2 new developments in the NH case: Charges and Video of the horses seized
The horses look bad, but not at deaths door. However, this is after 3 weeks of proper care. Had they been left at the farm they may be three weeks skinnier and knock knock knocking on heaven’s door.
If you look closely (and I have watched it about 10 times), you will see what appears to be very thin yearlings or rising 2 year olds. But look at their tails. Not baby tails. Those are the tails of late 2 to early 3 year olds. These horses might be forever stunted by the lack of proper nutrition they had with the accused.
On the bright side I do know of a few TB race horses that had it even worse. Clint and Josey were like line drawings at 3 and were bought by a kind and experienced trainer. While neither went on to win the KY Derby. Clint, although tiny, did win quite a few races in his day and Josie went off to become a children’s hunter and won many championships. Both were well loved and overcame such a bad start. I hope good outcomes for these little guys and gals too.
Update on the Pig Case I blogged about Last Fall.
This is not a hoarder. It’s a good contrast to the NH case. Things got bad for a short time and the owner did everything she could in the best interest of the animals. Never ranted about conspiracies, she worked with the Humane Society, she worked with the authorities, she never made it about HER, HER, HER and HER RIGHTS to HER PROPERTY. It was always about what could do the most for the welfare of the animals. Turned out the best thing for the pigs was HER and all parties agree.
Pig sanctuary owner, state agree on terms
BUNNELL -- Lory Yazurlo, who runs Pig Tales Sanctuary, reached an agreement with the state Thursday resulting in one charge against her related to her swine herd being dropped and outlining how she can have a second charge dropped.
After the hearing, Yazurlo sat in her wheelchair and said she was relieved she will be keeping her approximately 390 pigs. She said her biggest worry had been that the state would want to kill the pigs.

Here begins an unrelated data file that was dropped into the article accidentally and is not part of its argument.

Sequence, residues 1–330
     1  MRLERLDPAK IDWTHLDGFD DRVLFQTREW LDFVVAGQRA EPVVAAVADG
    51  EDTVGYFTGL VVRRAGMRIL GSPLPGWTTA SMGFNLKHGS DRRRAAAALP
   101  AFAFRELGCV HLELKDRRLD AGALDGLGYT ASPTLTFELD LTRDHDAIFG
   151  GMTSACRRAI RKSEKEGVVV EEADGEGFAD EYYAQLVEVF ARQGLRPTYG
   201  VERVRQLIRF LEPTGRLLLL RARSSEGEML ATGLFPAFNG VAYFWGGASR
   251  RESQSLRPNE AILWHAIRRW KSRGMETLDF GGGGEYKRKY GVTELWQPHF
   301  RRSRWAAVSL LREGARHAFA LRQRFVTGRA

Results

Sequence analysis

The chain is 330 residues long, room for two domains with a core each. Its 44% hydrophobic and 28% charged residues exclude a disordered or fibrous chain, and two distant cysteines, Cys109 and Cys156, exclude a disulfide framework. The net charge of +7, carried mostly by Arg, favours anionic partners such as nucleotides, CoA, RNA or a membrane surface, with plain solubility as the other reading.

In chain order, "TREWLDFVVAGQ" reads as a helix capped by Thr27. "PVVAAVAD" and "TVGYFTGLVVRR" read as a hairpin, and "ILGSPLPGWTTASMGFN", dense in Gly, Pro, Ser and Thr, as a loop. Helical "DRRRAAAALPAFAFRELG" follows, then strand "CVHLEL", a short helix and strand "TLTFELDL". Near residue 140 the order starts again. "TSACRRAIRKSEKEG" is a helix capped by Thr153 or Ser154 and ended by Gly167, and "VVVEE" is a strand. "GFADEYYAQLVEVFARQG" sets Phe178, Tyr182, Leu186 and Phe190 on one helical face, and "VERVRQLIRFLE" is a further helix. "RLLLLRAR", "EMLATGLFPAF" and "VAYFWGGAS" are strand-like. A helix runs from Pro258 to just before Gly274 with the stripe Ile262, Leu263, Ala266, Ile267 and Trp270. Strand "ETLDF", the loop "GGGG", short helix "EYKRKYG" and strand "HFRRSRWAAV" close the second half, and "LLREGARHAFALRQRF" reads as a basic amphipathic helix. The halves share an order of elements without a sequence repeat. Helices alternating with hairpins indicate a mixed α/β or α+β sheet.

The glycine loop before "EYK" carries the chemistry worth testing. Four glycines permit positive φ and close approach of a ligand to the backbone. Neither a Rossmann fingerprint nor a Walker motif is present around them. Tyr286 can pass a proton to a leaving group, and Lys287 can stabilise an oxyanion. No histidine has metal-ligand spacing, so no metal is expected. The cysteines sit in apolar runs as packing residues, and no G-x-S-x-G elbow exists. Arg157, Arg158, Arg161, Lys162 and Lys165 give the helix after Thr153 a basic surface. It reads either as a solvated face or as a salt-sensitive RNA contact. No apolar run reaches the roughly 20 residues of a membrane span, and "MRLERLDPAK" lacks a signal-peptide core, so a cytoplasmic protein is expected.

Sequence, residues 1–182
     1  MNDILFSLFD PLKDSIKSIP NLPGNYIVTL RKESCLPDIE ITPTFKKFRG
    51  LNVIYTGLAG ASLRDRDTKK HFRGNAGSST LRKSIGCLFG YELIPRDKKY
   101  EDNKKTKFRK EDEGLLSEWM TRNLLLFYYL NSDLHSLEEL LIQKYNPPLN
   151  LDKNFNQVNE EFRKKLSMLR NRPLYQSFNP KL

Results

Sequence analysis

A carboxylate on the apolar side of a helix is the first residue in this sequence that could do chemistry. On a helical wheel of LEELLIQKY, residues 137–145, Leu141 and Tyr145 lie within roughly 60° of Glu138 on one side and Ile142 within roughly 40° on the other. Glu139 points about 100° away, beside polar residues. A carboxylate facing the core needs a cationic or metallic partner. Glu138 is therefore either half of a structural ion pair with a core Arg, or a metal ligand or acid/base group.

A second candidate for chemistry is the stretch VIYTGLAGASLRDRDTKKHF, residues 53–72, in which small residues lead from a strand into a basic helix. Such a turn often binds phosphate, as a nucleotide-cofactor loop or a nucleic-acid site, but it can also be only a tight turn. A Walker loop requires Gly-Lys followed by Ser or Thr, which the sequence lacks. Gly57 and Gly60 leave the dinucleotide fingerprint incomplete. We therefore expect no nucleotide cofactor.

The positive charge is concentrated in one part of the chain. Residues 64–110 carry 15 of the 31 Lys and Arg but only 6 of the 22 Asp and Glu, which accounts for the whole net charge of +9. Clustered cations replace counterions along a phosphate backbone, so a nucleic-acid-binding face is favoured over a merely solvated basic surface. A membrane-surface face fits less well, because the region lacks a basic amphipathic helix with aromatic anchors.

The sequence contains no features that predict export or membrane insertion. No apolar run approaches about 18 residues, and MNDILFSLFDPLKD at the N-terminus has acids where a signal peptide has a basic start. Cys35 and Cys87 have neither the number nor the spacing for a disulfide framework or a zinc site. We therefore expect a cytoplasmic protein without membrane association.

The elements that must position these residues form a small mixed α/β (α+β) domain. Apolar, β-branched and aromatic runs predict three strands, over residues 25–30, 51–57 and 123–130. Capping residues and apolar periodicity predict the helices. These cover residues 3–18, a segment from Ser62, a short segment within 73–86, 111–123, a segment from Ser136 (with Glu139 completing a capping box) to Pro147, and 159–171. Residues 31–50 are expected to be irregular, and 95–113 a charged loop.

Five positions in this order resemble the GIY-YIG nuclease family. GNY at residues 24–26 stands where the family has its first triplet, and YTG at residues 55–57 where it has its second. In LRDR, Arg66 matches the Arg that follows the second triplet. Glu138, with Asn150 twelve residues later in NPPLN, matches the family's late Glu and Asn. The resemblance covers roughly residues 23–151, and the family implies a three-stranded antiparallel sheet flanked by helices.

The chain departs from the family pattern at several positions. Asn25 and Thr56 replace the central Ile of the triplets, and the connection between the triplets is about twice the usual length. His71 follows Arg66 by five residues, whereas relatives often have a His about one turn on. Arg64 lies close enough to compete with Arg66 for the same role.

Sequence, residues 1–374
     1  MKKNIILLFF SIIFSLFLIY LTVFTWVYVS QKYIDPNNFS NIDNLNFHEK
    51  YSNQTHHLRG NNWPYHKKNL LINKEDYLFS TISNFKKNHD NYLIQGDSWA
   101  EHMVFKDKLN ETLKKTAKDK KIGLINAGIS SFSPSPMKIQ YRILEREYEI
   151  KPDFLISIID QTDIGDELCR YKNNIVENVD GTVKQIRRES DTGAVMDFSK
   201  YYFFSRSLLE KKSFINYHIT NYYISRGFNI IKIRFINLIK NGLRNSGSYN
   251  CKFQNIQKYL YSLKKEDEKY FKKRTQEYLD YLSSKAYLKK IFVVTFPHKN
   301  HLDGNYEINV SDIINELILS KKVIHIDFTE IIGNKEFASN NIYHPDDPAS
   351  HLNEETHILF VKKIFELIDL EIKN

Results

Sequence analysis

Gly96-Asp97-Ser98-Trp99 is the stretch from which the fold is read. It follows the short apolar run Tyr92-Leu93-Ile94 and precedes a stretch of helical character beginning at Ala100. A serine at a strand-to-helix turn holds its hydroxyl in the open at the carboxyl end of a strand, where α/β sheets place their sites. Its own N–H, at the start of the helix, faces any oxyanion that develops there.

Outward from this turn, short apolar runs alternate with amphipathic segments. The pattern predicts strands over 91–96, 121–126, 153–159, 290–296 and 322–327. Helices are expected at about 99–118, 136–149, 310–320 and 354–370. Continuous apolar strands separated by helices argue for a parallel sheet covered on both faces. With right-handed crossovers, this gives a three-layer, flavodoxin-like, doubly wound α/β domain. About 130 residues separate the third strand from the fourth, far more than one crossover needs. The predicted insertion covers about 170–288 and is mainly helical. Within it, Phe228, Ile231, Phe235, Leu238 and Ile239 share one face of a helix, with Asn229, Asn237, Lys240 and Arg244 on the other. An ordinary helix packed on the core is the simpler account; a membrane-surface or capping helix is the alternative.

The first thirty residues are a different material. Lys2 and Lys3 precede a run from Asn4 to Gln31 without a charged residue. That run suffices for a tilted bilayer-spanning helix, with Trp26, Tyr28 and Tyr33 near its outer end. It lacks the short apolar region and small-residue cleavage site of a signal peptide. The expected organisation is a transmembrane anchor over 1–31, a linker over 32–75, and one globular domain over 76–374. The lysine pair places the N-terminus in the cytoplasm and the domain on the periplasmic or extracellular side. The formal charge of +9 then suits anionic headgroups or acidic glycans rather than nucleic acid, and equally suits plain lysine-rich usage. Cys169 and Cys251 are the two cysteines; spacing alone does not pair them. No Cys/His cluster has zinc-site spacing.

"I'm happy it's over with," Yazurlo said. "I don't want to take a chance on them for some reason taking the pigs away, so I'd just rather have it over with."
Assistant State Attorney Scott Westbrook dropped a charge of cruelty to animals. And Yazurlo, 45, pled no contest to a charge of unlawful abandonment or confinement of animals. If she has no legal or pig problems in the next 12 months, that charge will also be dropped.
As part of the agreement to drop the misdemeanor charges she must comply with requirements already in place by the state Department of Agriculture for the pigs' care. No pigs can be taken off her property and no new pigs added; all male pigs must be castrated; she must have fencing to keep wild pigs out and she must provide sufficient feed and fresh water for the pigs.
Yazurlo's agreement with prosecutors will be monitored by the Flagler Humane Society, which initiated the complaint against her in November, saying the pigs at her 20-acre sanctuary in rural Flagler County were emaciated and malnourished.The next month the Flagler Humane Society and Yazurlo reached their own agreement, including some of the same requirements she agreed to with the state.
Thursday's agreement to drop one charge and eventually drop the second is the best resolution, public defender Judith Davidson said.
"It's a for-sure outcome as opposed to a trial where you can never know what can happen," Davidson said. "But she maintains her innocence."
Westbrook said he dropped the cruelty to animals charge, because it had a connotation that Yazurlo was somehow torturing the pigs and that was not the case.
"One can't help but have some sympathy for the circumstances that she finds herself in," Westbrook said.
Charlene Yazurlo said her daughter didn't do anything wrong. She said her daughter is all about the pigs.
"Lory's main concern is the pigs and she's very willing to accept this offer because it benefits the pigs," Yazurlo said. "It's the best thing for the pigs.
Yazurlo and her family are asking for volunteers to help them with some work around the Pig Tales Sanctuary, such as putting up an electric fence, and for donations of feed. They said they could also use a volunteer who has a bucket-loader backhoe. To help, call Yazurlo's mother, Charlene, at 386-439-4583 or send an e-mail to firstname.lastname@example.org.